Authors:A. F. Bálint, G. Kovács, A. Börner, G. Galiba, and J. Sutka
Niemeyer, H. M., Jerez, J. M. (1997): Chromosomallocation of genes for hydroxamic acid accumulation in Triticum aestivum L. (wheat) using wheat aneuploids and wheat substitution lines. Heredity , 79 , 10-14.
Authors:L.V. Shchukina, T.A. Pshenichnikova, E.K. Khlestkina, S. Misheva, T. Kartseva, A. Abugalieva, and A. Börner
Bread wheat is the primary bread crop in the majority of countries in the world. The most important product that is manufactured from its grain and flour is yeast bread. In order to obtain an excellent bread, grain with high physical properties is needed for flour and dough. The Russian spring wheat cultivar Saratovskaya 29 is characterized by its exclusively high physical properties of flour and dough. The purpose of this work was to identify the chromosomes carrying the main loci for these traits in Saratovskaya 29 and to map them using recombinant substitution lines genotyped with molecular markers. A set of inter-varietal substitution lines Saratovskaya 29 (Yanetzkis Probat) was used to identify the “critical” chromosomes. The donor of individual chromosomes is a spring cultivar with average dough strength and tenacity. Substitution of 1D and 4D*7A chromosomes in the genetic background of Saratovskaya 29 resulted in a significant decrease in the physical properties of the dough. Such a deterioration in the case of 1D chromosome might be related to the variability of gluten protein composition. With the help of recombinant substitution double haploid lines obtained from a Saratovskaya 29 (Yanetzkis Probat 4D*7A) substitution line the region on the 4D chromosome was revealed in the strong-flour cultivar Saratovskaya 29, with the microsatellite locus Xgwm0165 to be associated with the unique physical properties of flour and dough. The detected locus is not related to the composition gluten proteins. These locus may be recommended to breeders for the selection of strong-flour cultivars. Additionally, a QTL associated with vitreousness of grain was mapped in the short arm of chromosome 7A.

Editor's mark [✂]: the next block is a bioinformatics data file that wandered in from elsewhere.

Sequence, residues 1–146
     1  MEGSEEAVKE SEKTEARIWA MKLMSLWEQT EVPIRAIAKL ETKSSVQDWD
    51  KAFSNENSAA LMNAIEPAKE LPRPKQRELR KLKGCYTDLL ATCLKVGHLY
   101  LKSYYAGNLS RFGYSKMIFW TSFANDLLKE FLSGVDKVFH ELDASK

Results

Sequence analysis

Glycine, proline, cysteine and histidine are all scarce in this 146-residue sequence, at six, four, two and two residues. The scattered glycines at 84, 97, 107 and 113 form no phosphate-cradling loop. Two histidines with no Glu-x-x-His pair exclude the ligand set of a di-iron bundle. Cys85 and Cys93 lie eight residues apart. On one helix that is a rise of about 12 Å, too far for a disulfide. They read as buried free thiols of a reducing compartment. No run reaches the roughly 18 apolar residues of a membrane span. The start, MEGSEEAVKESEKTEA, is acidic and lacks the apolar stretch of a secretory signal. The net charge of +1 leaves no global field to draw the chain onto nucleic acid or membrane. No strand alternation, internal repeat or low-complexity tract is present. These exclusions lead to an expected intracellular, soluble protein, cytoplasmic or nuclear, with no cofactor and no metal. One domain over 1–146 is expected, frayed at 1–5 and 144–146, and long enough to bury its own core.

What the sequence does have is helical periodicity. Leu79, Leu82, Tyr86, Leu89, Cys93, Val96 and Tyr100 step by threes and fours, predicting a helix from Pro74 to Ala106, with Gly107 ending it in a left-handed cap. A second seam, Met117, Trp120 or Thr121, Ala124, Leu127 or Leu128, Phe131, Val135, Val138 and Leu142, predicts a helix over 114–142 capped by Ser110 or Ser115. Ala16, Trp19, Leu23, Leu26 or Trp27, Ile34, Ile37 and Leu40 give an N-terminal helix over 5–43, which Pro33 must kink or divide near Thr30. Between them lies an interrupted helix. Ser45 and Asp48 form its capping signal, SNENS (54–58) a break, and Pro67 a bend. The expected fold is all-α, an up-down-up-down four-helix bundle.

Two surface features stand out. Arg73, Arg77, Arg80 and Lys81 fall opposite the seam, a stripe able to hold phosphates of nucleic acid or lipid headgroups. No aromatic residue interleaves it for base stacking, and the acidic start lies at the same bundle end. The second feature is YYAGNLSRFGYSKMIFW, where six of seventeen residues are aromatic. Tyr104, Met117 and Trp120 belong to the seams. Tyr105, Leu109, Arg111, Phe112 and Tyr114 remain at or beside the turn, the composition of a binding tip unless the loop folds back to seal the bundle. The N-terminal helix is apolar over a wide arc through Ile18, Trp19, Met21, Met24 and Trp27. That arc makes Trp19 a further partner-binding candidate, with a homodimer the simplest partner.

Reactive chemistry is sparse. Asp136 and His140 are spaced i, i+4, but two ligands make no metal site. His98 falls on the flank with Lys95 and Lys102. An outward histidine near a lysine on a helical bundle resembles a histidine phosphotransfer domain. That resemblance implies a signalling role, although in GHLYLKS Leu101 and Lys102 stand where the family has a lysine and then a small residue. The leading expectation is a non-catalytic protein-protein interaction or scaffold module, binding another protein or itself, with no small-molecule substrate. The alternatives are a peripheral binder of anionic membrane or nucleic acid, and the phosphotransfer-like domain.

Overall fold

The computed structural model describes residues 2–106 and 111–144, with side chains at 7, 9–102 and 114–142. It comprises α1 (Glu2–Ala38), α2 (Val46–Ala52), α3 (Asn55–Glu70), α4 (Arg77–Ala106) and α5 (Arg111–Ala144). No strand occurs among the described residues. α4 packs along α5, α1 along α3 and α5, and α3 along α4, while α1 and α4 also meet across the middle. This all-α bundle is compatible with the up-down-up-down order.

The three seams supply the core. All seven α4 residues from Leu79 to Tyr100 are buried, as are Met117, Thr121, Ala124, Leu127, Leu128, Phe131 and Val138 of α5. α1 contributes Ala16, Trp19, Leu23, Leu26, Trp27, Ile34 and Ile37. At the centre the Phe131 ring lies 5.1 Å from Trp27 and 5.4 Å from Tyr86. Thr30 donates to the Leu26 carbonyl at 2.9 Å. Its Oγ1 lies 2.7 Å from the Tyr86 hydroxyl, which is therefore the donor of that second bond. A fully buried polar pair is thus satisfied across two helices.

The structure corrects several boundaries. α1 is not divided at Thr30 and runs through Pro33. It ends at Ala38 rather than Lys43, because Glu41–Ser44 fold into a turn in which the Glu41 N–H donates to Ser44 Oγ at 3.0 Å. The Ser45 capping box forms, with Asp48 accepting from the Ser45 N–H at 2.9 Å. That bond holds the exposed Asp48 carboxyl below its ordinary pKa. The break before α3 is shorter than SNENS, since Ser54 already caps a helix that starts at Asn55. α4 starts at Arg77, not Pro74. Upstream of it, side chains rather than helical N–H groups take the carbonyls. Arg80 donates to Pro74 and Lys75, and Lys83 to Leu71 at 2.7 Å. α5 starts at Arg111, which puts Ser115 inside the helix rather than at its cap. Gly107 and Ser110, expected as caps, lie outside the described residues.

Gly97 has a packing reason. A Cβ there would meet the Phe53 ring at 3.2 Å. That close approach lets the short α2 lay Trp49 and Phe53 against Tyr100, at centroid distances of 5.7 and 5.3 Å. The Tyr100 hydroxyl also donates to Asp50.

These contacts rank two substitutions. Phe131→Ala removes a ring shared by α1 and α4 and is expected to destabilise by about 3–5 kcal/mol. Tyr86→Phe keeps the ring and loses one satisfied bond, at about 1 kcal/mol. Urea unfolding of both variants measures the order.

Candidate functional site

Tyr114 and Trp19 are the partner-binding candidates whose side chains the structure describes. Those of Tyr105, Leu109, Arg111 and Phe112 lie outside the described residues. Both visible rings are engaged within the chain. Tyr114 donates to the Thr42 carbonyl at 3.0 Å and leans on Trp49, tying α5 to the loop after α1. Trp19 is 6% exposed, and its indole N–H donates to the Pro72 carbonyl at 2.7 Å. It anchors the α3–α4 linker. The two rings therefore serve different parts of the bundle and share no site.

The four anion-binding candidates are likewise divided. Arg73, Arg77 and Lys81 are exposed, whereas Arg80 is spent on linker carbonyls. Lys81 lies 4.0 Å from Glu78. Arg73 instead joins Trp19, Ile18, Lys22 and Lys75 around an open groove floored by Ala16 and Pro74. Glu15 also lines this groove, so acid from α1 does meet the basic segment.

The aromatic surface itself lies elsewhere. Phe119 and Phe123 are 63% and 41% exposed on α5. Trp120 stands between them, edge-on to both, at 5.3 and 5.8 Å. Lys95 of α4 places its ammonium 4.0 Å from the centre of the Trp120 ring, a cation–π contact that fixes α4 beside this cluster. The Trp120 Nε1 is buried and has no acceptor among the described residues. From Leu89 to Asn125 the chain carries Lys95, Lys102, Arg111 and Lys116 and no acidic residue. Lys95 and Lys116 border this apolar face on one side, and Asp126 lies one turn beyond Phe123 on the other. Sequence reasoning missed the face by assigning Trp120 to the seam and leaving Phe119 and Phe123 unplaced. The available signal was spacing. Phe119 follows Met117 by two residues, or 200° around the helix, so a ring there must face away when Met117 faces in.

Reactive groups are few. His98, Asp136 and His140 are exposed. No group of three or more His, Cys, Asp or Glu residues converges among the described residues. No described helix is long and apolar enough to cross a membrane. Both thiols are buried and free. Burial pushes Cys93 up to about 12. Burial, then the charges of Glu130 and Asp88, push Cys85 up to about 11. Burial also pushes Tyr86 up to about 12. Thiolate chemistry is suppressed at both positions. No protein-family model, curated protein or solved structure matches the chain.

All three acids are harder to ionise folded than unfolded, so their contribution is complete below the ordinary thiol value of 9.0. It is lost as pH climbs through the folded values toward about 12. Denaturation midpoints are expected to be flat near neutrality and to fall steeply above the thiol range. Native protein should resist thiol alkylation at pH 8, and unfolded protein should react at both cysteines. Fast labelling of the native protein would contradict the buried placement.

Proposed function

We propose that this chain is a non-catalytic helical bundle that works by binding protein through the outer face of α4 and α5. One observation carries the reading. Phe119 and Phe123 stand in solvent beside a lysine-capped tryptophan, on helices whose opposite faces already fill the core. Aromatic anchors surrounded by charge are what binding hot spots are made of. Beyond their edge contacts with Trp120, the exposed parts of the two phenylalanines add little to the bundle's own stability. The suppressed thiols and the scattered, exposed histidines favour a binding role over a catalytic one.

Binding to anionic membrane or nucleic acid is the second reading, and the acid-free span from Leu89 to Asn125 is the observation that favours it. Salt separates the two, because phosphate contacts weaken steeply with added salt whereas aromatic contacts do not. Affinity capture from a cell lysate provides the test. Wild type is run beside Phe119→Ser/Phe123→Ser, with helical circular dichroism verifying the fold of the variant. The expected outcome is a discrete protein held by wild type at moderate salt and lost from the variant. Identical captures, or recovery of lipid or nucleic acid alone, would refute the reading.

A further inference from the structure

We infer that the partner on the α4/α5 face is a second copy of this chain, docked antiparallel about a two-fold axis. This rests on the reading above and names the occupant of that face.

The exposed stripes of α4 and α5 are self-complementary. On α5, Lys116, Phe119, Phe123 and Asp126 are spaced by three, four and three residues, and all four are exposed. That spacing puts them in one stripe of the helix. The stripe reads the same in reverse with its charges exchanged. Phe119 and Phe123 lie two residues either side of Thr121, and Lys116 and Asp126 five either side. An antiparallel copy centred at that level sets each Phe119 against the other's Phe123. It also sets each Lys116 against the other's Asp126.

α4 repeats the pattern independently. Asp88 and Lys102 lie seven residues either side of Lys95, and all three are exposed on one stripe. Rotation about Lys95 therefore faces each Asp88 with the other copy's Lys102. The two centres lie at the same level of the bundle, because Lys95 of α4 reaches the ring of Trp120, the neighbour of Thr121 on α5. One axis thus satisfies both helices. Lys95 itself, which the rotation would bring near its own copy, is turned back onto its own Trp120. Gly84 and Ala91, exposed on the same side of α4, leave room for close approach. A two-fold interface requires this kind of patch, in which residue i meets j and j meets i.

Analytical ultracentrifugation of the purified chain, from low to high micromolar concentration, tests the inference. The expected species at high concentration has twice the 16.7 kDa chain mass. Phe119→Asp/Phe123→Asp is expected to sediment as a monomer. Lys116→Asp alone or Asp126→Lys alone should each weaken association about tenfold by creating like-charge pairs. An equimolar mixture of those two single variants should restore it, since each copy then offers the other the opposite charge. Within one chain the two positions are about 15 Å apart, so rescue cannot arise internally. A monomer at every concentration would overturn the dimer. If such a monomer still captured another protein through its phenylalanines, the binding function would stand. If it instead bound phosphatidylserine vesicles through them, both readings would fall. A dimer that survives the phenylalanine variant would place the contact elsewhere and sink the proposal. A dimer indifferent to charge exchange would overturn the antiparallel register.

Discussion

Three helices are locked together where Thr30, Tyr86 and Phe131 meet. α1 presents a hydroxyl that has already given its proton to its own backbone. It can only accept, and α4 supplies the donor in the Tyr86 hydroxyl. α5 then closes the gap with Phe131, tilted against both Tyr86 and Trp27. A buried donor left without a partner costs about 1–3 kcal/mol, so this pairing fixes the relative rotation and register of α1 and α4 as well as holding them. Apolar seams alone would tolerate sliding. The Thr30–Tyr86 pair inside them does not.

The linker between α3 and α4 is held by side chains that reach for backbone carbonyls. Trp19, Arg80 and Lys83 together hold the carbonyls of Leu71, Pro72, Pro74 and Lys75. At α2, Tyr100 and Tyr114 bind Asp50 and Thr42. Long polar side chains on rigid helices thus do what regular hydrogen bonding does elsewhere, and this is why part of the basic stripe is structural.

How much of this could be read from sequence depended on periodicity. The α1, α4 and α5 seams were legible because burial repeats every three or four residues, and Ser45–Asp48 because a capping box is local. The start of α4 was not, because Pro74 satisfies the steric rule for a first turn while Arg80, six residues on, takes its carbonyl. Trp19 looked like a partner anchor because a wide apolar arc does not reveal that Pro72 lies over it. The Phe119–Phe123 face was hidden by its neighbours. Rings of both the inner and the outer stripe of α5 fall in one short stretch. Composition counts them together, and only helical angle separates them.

Authors:I. Karsai, P. Szűcs, K. Mészáros, K. Puskás, Z. Bedő, and O. Veisz
A barley mapping population consisting of 96 doubled haploid lines of anther culture origin was developed from the varieties Dicktoo and Kompolti Korai, which represent diverse types with respect to geographical origin and ecological adaptation. Several molecular marker techniques were used in mapping: among the markers with known chromosome location, RFLP, STS and SSR markers were applied to identify linkage groups and for comparative mapping, while RAPD and AFLP markers, which have random binding but provide useful information on polymorphism, were employed to fill in the linkage groups with markers. A total of 496 markers were tested in the DH population, 246 of which were included in the linkage map after eliminating markers that were completely linked with each other. The ratio of markers with known chromosome location to random markers in the 1107 cM map was one to three, and the mean recombination distance between the markers was 4.5 cM. Application of various marker methods and the effect of the population structure on the development of marker linkage maps are discussed.
Authors:B.W. Campbell, Y. Liu, K. Wise, Y. Jin, and H.W. Ohm
Stem rust caused by Puccinia graminis f. sp tritici of wheat (Triticum aestivum L.) is one of the most destructive cereal diseases globally. Concern about the disease has increased since 1999 with the discovery in Uganda of a new virulent race of Pgt, designated as race TTKSK (also known as Ug99). The objectives of this experiment were to characterize the resistance and to determine the chromosomal location of the stem rust resistance in the spring wheat line PI 410966. A mapping population was developed from a cross between PI 410966 and a susceptible wheat line OK3040. An inoculation test with isolate 04KEN156/04 of race TTKSK was conducted at the USDA-ARS Cereal Disease Laboratory in the F6:7 generation, and the F6:7 phenotypic data were used to genetically map the resistance gene to the centromeric region on chromosome 2BS. The single locus explained the observed F6:7 resistant and susceptible scores. The location of the gene and molecular marker banding profiles of the diagnostic markers suggest that the stem rust resistance gene in PI 410966 could be a new gene, an allele of Sr36, or Sr36.